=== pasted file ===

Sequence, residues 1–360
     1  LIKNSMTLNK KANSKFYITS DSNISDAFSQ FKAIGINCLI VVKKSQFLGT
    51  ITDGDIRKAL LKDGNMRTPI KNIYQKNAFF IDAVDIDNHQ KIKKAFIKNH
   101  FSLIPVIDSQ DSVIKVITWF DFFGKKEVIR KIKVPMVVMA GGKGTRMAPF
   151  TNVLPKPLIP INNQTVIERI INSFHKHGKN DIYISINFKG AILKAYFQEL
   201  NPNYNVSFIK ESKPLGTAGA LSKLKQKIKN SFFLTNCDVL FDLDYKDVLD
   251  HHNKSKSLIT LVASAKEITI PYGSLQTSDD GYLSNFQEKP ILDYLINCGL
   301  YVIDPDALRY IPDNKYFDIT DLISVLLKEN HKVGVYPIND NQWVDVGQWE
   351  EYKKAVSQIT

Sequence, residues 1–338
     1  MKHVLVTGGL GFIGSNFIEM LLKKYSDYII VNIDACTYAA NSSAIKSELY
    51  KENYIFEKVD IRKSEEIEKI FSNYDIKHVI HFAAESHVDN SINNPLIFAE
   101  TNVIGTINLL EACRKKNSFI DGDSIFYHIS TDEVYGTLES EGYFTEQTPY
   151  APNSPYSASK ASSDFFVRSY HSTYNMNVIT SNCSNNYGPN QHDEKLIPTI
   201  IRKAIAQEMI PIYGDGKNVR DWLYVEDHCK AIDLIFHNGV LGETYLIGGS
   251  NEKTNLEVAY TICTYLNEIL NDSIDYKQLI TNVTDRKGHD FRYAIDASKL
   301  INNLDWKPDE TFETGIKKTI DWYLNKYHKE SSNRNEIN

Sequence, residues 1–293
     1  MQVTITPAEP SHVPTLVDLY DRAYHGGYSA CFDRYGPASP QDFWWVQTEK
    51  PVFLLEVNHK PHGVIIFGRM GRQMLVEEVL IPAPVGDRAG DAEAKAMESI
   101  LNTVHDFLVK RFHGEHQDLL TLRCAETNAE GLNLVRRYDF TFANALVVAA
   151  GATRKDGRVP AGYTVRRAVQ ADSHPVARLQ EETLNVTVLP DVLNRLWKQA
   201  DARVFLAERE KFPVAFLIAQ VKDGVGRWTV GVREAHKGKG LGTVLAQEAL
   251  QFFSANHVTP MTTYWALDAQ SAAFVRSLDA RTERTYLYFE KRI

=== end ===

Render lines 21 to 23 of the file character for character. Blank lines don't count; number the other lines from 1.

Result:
   101  LNTVHDFLVK RFHGEHQDLL TLRCAETNAE GLNLVRRYDF TFANALVVAA
   151  GATRKDGRVP AGYTVRRAVQ ADSHPVARLQ EETLNVTVLP DVLNRLWKQA
   201  DARVFLAERE KFPVAFLIAQ VKDGVGRWTV GVREAHKGKG LGTVLAQEAL